Books: Learn from the Masters
● By Aimee Cormier
By Ray Saadi—Book Editor
THE WRIGHT BROTHERS By David McCullough, Simon and Schuster $30.00
If all you remember about the Wright Brothers, Wilbur and Orville, is what you were taught in school: that two unknown brothers solved the mystery of flight by being the first to fly a machine with a man aboard on the Outer Banks of Kitty Hawk, North Carolina, you’re in for an incredibly researched and beautifully written portrait of a most interesting family. Their father was a bishop in the United Brethren Church and their sister Katharine, a teacher, was their strongest supporter. When bicycling became a craze the boys were the first in America to build their own model, which they named “Van Cleve” after a great, great, great grandmother. That first flight at Kitty Hawk was in a glider with Orville at the controls on Dec. 17, 1903, but it was Wilbur’s flight at Le Mans, France on Aug. 8, 1908 in the “first practical airplane,” their “Flyer” that was hailed as “a triumph of aviation” by newspapers around the world. While the U. S. government dragged their feet on purchasing their planes, the French couldn’t wait, especially after Wilbur’s many dramatic demonstrations. Meanwhile, Orville made a number of extraordinarily difficult demonstrations of the plane for Washington brass and excited crowds, until a propeller broke sending the plane crashing to the ground and killing his passenger, Lt. Thomas Selfridge, the first military fatality of the aviation age. Orville survived, but was in critical condition with a broken leg, hip and four broken ribs. Despite that, the government moved forward to buy the Wright’s planes. Katherine stayed constantly at Orville’s side and when he was well enough the two joined Wilbur in Europe where they were hailed and feted everywhere, not to mention being $200,000 richer. This is a wonderful story told as only McCullough can. Oh, if only history was this interesting in school.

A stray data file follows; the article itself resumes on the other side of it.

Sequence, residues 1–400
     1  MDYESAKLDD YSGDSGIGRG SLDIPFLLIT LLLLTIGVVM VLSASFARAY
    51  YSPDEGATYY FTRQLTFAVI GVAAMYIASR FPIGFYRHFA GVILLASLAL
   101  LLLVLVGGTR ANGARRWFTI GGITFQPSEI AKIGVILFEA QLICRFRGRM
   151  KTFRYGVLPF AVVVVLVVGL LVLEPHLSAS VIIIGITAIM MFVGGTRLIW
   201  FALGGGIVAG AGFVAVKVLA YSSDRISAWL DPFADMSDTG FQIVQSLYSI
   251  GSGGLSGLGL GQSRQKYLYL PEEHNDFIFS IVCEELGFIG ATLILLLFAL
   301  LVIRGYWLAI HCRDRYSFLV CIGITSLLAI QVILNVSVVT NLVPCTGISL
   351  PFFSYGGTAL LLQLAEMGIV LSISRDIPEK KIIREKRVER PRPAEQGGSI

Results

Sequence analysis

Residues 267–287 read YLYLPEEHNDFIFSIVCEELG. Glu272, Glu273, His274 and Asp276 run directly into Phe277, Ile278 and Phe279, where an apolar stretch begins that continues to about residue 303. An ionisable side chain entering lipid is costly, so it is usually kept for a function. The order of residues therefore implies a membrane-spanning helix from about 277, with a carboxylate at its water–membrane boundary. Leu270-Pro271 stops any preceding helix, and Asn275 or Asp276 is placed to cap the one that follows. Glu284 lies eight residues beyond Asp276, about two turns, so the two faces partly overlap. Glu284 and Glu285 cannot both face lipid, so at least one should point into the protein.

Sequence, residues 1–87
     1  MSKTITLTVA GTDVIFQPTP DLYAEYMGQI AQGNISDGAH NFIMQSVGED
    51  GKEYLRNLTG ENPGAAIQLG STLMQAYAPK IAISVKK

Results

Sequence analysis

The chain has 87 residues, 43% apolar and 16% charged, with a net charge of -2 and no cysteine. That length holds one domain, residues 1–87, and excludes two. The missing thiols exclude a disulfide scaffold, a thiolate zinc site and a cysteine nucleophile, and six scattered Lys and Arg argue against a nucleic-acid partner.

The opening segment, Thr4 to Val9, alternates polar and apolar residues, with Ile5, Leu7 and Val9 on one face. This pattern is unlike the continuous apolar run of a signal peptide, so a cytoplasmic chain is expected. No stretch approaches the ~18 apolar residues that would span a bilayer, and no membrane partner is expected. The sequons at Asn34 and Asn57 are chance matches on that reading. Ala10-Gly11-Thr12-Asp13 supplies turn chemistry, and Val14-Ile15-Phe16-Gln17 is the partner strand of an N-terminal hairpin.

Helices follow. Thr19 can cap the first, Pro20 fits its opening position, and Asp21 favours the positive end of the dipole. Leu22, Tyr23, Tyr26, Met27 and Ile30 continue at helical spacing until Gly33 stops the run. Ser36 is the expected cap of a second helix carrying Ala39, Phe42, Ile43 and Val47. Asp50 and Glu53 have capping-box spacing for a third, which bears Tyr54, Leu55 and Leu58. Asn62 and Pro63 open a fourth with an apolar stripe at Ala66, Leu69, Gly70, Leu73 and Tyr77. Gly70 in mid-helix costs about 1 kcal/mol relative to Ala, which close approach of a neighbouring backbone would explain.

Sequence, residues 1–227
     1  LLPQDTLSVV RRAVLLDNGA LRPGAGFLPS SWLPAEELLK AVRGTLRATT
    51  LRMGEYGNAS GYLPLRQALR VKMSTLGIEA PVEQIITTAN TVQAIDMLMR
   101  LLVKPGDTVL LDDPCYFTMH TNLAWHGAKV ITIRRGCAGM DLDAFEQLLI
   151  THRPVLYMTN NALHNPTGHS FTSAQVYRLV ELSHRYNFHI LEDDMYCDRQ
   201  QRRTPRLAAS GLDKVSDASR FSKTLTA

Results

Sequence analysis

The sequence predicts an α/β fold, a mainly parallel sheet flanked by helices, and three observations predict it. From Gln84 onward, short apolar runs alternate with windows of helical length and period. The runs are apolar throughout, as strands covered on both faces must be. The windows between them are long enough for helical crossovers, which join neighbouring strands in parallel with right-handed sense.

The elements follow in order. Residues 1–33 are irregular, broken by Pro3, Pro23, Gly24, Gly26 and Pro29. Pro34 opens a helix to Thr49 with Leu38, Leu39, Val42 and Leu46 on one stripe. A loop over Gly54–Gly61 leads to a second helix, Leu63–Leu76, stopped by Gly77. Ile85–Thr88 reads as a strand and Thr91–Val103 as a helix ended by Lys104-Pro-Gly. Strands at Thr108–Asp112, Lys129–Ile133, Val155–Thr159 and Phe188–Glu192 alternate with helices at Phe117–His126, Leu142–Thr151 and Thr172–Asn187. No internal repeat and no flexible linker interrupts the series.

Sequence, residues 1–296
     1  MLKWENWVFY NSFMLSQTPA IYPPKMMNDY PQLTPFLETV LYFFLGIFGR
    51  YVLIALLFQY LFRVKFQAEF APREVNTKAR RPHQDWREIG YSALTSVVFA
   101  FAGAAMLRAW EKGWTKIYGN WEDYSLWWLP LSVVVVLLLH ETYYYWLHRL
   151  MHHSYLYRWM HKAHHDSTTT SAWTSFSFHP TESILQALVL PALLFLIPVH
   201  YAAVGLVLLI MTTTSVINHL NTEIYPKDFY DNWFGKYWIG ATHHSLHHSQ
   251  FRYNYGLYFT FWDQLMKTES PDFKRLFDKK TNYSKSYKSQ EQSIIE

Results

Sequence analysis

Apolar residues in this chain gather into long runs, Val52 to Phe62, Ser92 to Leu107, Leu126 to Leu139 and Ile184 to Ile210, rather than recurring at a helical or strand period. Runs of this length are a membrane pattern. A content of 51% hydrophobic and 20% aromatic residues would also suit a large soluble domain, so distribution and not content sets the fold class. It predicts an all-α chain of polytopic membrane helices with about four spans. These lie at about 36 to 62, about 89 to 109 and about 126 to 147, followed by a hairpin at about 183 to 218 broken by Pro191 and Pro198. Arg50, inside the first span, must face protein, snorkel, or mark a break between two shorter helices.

THE CURIOUS INCIDENT OF THE DOG IN THE NIGHT-TIME By Mark Haddon, Vintage $12.00 Paperback
Christopher John Francis Boone, an incredible 15-year-old autistic savant, discovers a neighbor’s dog mysteriously murdered during the night and determines to use the techniques of his hero, Sherlock Holmes, to find the killer. (The title incidentally comes from an Arthur Conan Doyle Sherlock Holmes story.) Found cradling the dog in his arms, the owner accuses Christopher of the murder, calls the police and he spends a night in jail. Further, he is forbidden to pursue his investigation. Nevertheless he eventually learns the identity of the killer, a discovery that sends him on a terrifying train ride, his first alone. Overwhelmed by the crowds, noises and smells, he shuts them out by calculating, in his mind, the prime numbers up to 7,057. This is a remarkable, wonderful and delightful book that I expect will soon be back on bestseller lists. I heartily recommend it to you.